There are many traders that are scared of trading with big stop losses. They have tried to optimize their system to death to try to get the best possible entry price, and tweak their system and settings so they can get in with the smallest possible reasonable stop loss level.
Why do they want a small stop loss? Well, if they employ a % risk model, then a smaller stop loss means a bigger position size.
For example if the market moves 500 pips. There can be multiple traders trading that same move differently with varying stop losses and thus position sizes, and reward risk ratios.
Trader 1: Captures 500 pips profit, using a 250 pip stop loss, and thus has a reward risk ratio of 2:1
Trader 2: Captures 500 pips profit, using a 100 pip stop loss, and thus has a reward risk ratio of 5:1
Trader 3: Captures 500 pips profit, using a 50 pip stop loss, and thus has a reward risk ratio of 10:1
If all the traders decided to risk 2% on the trade, then:
Trader 1: Would make 4% return
Trader 2: Would make 10% return
Trader 3: Would make a 20% return
There are obviously varying degrees of profitability on such a trade. The trader that was able to get the best entry, position size with a smaller stop loss, and still win the 500 pip trade amount, will experience the biggest return. Of course the drawback to this, is that the trader that uses a 50 pip stop loss to capture a 500 pip move, will typically have more losing and break even trades than the trader using a 250 pip stop loss. Why? Because the bigger your stop loss, typically the bigger gyrations you can hold through, giving your trade more time to achieve your profit objective.
The trader using a 100 pip stop loss or greater is usually a swing trader or end of day trader that doesn’t want to be at their trading platform often and glued to their screen. The trader using a 50 pip stop loss is probably a day trader that likes to try to place a position intraday with a good entry and attempt to ride it for a swing trade.
Nothing wrong with either approach.
You shouldn’t be afraid of either approach.
There is nothing wrong with trading with big stop losses in the range of 100-300 pips. Just know that the bigger your stop loss, the lower your position size. You can still make a lot of money, you just need a bigger move.
Which brings us to the trading rule:
The bigger your stop loss, the bigger the move you should be expecting.
The bigger your stop loss on a trade, the bigger the volatility you should be expecting. If you can do that, then no matter which market you trade, you should be able to attain great reward risk ratios on your trades.
Therefore, in the forex market if you are placing trades with 200 pip or 300 pip stop losses, then you should be expecting a big move to the tune of 500+ pips or 1,000+ pips worth of attainable profits. Which means there needs to be order flow triggers and scenarios that will move the market that much.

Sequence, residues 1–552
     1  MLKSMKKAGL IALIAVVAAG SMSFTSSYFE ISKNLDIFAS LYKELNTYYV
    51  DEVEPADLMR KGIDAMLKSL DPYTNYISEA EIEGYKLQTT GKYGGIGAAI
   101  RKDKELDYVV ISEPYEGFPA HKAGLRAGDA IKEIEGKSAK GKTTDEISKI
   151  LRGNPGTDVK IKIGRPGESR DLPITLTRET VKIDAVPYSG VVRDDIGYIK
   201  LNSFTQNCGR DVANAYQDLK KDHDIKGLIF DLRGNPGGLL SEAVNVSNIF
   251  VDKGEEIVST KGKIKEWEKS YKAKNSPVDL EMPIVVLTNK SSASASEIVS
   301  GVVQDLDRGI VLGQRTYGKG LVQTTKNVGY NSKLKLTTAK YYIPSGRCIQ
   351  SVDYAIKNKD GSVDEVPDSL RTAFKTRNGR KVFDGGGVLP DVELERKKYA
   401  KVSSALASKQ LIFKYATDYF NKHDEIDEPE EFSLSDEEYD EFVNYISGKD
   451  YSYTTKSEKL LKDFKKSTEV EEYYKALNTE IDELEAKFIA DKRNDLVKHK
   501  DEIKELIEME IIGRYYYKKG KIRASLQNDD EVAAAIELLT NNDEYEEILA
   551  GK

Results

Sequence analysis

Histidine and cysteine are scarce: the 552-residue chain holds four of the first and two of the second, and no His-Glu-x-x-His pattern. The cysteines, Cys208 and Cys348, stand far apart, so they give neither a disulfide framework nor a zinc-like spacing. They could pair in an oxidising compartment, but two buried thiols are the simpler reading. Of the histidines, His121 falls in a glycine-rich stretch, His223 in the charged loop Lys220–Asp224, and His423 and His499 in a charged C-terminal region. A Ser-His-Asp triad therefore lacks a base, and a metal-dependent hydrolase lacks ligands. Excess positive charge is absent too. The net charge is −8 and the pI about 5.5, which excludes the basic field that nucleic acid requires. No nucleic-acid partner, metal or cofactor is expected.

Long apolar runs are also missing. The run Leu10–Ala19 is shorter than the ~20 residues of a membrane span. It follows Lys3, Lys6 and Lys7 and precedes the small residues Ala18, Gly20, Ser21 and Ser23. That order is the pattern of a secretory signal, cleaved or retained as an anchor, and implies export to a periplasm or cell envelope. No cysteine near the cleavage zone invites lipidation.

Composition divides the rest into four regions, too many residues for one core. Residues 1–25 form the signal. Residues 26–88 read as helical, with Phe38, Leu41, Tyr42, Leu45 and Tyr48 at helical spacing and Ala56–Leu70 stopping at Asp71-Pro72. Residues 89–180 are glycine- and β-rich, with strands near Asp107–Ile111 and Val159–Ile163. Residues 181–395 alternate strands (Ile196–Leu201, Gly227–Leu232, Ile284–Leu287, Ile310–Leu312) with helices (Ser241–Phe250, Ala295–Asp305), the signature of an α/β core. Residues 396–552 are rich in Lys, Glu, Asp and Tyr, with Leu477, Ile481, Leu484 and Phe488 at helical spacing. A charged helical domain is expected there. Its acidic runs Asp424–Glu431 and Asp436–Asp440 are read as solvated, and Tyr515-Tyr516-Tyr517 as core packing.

Which brings me to the next point. If you are placing ten trades during the month on the same currency pair, all using 300 pip stop losses, I would say you are doing something wrong. The reason is that the market doesn’t make 1,000 pip moves ten times a month. That is almost impossible. Therefore you expectations are out of line with what the market volatility can be. In such a situation, better order flow research and timing the market is critical so you can better place trades that have reasonable stop losses in tune with the market volatility.
Back in 1992 when George Soros broke the Bank of England, he had a flexible mental stop loss of around 300-400 pips in place. He had good reason to use such a big stop loss. For he was expecting a big move to happen. When the market moved over 1,000 pips in his favor, the big stop loss strategy was vindicated. He was successful because he had a order flow and global macro reason for a big move to occur. He wasn’t relying on moving averages, stochastics , chart patterns, etc.
Don’t fall into the trap of using big stop losses with tiny profit targets. All sorts of traders attempting to use 200 pip stop losses with 20 pip profit targets. There are even some forex robots that still do this! They have high win rates for a short while and they think it is the holy grail. Lots of small winners rack up and it helps to instill a false sense of confidence in the trader. Then when the inevitable loss comes, it completely wipes out all your small profits and causes a loss.
You may ask, well what if I want to trade with a big stop loss but cannot find a big move to occur? Then you either need to find a way to fine tune your entry on a smaller time frame, or find another market that will make a big move, or skip the trade and wait for a better reason for the market to make a big move. You can read my previous article on what to do in choppy markets.
Trading Money Management Reminders
The bigger your stop loss the bigger the move you should be expecting.
There is nothing wrong with using 100 pip stops losses or 200 pip stop losses, so long as if you positioned sized like that, you are expecting a big move to happen.
You can position size for a 200 pip stop loss if you expect a 1,000 pip move to occur. Because that way your Reward Risk Ratio is still a very high 5:1. Now if you can time a better entry on an intraday basis with a 100 pip stop loss or 50 pip stop loss, that would be better.
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